• Include Expenses for Starting Up

How did your fund your startup expenses? Entrepreneurs use all sorts of funding strategies to make their business dreams come true. Some save up for years while others rely on small business loans or alternative loans like title loans. No matter how you funded the start of your business, you can track those expenses for tax deductions. So, if you had to get permits, register as an LLC, or buy a domain name, be sure to track those expenses and deduct them when you file. 

  • Car Expense Deductions

There are multiple options when looking at car expenses that are related to your small business. The two options include a standard deduction based on car miles or a deduction based on actual car expenses. 

If you decide to deduct based on mileage, then you will need to keep a close record of the miles you’ve driven in relation to your business work. Conversely, if you are taking the actual expense deduction, then you must keep track of all the expenses your car incurs when being used for business. This could include gas expenses and getting certain repairs done. 

  • Keep Health Insurance and Retirement in Mind

Since you are a business owner and therefore self-employed, you are responsible for the costs related to your health insurance and retirement savings. Keep track of your insurance expenses and your deposits into your retirement savings, as most of these expenses can be tax deductible.

  • Your Self-Employment Taxes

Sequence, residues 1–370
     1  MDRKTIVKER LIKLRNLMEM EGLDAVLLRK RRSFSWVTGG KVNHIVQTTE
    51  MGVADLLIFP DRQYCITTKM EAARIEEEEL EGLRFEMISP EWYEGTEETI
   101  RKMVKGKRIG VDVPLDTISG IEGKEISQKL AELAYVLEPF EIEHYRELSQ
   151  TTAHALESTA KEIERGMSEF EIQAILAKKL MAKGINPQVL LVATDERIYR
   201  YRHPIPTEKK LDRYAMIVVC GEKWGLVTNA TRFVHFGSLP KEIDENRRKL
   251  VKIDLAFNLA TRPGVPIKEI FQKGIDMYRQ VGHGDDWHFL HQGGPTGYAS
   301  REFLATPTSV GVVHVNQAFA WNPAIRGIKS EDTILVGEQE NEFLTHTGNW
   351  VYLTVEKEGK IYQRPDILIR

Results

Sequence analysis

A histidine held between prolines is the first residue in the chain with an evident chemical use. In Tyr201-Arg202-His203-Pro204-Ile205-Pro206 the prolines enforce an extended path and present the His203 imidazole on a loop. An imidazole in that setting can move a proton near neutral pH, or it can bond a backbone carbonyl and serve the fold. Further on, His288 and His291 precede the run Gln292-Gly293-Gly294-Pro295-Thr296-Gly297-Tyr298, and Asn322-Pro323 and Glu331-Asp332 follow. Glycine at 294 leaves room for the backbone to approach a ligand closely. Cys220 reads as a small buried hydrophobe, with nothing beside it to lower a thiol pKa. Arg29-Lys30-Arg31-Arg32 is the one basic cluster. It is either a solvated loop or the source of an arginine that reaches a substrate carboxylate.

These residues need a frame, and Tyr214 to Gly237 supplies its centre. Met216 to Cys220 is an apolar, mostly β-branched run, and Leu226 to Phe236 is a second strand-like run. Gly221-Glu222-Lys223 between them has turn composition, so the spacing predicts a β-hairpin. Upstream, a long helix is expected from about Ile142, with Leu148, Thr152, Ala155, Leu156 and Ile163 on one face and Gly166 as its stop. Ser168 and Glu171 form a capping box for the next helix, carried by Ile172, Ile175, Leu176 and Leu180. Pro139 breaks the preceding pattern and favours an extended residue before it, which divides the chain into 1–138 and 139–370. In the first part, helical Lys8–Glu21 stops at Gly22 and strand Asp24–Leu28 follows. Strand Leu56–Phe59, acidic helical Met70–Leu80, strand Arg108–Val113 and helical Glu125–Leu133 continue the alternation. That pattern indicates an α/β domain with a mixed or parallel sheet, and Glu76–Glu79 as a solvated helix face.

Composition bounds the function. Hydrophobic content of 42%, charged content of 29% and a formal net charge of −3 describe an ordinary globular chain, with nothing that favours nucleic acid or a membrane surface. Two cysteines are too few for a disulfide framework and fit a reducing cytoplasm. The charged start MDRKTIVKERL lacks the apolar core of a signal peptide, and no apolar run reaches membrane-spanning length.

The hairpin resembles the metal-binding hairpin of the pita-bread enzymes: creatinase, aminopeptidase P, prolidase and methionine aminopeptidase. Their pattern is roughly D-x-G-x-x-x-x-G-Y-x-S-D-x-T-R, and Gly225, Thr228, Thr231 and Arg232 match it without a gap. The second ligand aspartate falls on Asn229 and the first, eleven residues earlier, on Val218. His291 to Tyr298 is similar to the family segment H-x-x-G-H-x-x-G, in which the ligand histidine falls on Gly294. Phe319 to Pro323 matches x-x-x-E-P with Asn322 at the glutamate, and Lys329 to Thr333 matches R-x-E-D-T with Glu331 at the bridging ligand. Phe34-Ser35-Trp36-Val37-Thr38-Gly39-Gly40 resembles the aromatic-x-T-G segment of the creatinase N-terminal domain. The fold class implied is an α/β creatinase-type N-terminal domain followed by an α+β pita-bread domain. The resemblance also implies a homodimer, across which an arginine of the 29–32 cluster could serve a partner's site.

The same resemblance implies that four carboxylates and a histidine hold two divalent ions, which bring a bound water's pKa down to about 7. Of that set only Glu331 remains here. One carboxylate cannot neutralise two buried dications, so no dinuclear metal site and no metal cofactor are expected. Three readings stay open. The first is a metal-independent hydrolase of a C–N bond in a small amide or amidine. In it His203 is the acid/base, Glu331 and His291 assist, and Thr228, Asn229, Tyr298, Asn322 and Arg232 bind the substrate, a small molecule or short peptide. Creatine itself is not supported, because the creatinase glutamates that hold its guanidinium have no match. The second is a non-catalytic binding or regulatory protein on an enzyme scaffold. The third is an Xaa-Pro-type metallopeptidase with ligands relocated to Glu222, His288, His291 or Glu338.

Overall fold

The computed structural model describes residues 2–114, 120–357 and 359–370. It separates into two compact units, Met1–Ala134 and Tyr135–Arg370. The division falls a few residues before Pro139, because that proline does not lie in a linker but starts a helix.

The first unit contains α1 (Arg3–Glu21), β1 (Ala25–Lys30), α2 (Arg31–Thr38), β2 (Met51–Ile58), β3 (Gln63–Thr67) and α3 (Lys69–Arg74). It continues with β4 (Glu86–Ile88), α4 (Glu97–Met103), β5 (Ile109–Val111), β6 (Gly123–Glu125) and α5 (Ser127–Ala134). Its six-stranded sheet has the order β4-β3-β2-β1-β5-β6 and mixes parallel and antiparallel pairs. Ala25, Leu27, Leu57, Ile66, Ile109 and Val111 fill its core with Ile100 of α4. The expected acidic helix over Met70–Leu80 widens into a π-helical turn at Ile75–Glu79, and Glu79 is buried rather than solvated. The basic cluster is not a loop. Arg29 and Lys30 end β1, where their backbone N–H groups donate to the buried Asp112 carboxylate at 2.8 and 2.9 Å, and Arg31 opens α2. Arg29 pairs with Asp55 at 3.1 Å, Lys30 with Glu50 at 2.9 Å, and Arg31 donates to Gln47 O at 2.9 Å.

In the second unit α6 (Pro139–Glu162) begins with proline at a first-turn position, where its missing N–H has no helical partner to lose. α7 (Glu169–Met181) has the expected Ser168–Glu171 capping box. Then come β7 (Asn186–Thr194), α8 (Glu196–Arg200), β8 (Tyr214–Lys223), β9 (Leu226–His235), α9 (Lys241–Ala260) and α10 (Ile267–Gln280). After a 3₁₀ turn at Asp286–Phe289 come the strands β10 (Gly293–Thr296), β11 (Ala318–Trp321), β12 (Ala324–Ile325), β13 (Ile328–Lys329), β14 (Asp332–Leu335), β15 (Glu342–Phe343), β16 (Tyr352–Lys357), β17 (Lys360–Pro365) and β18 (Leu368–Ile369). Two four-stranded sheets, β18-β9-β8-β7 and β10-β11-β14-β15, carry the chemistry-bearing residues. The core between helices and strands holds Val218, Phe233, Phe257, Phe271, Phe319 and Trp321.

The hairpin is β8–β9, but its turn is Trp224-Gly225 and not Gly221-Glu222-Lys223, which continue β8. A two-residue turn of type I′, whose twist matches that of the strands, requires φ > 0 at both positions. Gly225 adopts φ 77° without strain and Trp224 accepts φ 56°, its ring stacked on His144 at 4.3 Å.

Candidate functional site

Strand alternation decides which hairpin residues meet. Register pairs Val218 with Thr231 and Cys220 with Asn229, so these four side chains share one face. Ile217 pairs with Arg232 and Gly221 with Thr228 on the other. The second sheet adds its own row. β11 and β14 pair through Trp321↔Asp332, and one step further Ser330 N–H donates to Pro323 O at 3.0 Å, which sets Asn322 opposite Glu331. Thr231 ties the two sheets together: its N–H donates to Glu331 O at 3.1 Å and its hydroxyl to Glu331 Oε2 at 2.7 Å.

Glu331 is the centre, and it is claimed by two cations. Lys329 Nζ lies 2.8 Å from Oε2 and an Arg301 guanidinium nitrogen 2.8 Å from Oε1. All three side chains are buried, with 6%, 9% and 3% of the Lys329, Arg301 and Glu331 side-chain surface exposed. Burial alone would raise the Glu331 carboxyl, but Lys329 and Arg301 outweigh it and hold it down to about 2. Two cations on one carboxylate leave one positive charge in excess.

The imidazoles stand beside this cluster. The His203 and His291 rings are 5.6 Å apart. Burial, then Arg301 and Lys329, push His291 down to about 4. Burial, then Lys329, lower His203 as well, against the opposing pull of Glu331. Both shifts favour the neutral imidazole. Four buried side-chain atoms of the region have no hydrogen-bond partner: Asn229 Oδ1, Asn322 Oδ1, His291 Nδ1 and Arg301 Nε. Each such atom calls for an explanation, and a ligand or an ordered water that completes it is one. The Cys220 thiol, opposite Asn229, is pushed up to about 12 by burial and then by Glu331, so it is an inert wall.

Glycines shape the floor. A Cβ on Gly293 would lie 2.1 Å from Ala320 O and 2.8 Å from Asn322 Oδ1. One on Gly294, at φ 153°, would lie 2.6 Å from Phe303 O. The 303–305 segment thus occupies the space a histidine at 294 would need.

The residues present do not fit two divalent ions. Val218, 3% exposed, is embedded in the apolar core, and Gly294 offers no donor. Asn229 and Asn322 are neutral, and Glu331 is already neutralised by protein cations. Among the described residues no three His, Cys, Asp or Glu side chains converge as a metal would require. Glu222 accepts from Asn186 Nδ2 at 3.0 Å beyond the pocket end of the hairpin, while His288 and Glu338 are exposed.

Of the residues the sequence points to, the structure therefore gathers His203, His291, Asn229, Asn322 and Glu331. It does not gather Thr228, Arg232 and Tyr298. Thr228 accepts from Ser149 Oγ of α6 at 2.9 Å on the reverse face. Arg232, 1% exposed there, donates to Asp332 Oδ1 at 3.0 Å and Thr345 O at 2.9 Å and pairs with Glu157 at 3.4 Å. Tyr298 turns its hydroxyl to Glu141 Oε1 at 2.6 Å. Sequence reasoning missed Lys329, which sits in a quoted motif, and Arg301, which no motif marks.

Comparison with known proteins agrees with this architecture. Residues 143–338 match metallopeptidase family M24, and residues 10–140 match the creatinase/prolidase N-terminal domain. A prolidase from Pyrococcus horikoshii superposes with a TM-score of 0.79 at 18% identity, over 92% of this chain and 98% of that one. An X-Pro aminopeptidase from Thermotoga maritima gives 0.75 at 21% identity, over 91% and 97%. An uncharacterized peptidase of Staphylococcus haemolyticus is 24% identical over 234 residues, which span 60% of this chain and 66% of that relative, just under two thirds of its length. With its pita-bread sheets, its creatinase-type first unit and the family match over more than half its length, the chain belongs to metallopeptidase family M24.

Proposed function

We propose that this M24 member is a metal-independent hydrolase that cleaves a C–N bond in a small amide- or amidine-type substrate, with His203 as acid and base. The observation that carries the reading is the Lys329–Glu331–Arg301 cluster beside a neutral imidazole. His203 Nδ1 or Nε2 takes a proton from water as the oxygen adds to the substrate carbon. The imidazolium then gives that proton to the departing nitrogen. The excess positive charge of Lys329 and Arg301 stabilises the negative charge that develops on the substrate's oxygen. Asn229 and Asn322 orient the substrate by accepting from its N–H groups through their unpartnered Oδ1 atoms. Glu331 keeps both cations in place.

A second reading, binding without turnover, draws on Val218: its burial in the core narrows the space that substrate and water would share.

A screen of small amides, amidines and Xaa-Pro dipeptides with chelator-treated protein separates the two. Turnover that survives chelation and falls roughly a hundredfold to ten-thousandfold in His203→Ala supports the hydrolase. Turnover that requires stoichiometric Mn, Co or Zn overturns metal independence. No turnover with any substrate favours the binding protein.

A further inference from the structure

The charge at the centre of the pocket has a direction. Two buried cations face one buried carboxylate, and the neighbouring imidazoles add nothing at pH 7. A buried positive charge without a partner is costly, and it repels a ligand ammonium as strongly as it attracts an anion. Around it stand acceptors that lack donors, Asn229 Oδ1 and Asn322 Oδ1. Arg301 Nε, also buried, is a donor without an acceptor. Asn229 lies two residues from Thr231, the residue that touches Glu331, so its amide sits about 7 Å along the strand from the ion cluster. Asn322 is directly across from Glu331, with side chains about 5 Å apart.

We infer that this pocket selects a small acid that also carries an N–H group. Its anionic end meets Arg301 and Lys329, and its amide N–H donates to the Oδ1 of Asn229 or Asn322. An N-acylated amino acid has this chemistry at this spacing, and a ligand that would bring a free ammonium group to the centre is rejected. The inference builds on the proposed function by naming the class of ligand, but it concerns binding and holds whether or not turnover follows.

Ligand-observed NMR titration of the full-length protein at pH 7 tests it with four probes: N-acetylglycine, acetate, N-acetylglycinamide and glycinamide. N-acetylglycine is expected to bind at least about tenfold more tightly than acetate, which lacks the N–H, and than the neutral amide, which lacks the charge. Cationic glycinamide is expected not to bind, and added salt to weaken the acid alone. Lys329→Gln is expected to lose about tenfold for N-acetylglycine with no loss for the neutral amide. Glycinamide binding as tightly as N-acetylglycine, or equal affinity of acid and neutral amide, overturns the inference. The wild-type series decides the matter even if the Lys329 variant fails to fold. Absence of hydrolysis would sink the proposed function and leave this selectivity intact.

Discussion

If you were involved with a more traditional employment situation, your boss would withhold taxes, Social Security, and Medicare payments automatically from your paycheck every month or every other week. Since you are a business owner, you are now the one responsible for making these payments.

Typically, you will need to make four estimated tax payments every year. And when you file your personal tax return, you will need to pay your self-employment taxes. However, half of this is usually deductible, since it is going toward Medicare and Social Security. The best way to prepare for this is to put some money aside every time you get paid or have big influxes of revenue.

Just like with your previous tax returns, if you overpay, then you will receive a refund. If you didn’t pay enough, then you will owe some extra money to make up the difference. It feels very complicated, but you get used to it over time and with experience the process becomes less overwhelming.

Fear of dealing with taxes as a small business is the last reason to not follow your dream of being an entrepreneur. All you need is a little bit of guidance to make the whole filing process much less intimidating. 

Another thing that could seriously help minimize your stress would simply be to start prepping for tax season as early as possible. Getting a head start can be one of the most calming strategies. If you are ahead of the game and give yourself plenty of time to figure out everything in a leisurely manner, then you are far more likely to feel successful and receive favorable outcomes.